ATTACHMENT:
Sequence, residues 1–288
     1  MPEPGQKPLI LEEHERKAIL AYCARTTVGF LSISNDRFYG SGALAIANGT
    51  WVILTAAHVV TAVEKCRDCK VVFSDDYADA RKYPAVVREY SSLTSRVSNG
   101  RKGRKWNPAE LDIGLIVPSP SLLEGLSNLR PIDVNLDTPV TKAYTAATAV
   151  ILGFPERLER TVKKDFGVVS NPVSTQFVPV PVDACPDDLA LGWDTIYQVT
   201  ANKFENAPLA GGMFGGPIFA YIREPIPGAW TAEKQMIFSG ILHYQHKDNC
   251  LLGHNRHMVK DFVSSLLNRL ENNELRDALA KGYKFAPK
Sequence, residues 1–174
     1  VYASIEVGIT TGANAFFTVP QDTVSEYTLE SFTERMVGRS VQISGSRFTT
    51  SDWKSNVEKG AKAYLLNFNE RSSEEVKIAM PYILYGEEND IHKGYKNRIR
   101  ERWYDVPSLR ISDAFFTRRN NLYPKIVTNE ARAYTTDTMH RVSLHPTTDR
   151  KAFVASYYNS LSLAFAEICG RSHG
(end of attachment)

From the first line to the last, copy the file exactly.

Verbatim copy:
Sequence, residues 1–288
     1  MPEPGQKPLI LEEHERKAIL AYCARTTVGF LSISNDRFYG SGALAIANGT
    51  WVILTAAHVV TAVEKCRDCK VVFSDDYADA RKYPAVVREY SSLTSRVSNG
   101  RKGRKWNPAE LDIGLIVPSP SLLEGLSNLR PIDVNLDTPV TKAYTAATAV
   151  ILGFPERLER TVKKDFGVVS NPVSTQFVPV PVDACPDDLA LGWDTIYQVT
   201  ANKFENAPLA GGMFGGPIFA YIREPIPGAW TAEKQMIFSG ILHYQHKDNC
   251  LLGHNRHMVK DFVSSLLNRL ENNELRDALA KGYKFAPK
Sequence, residues 1–174
     1  VYASIEVGIT TGANAFFTVP QDTVSEYTLE SFTERMVGRS VQISGSRFTT
    51  SDWKSNVEKG AKAYLLNFNE RSSEEVKIAM PYILYGEEND IHKGYKNRIR
   101  ERWYDVPSLR ISDAFFTRRN NLYPKIVTNE ARAYTTDTMH RVSLHPTTDR
   151  KAFVASYYNS LSLAFAEICG RSHG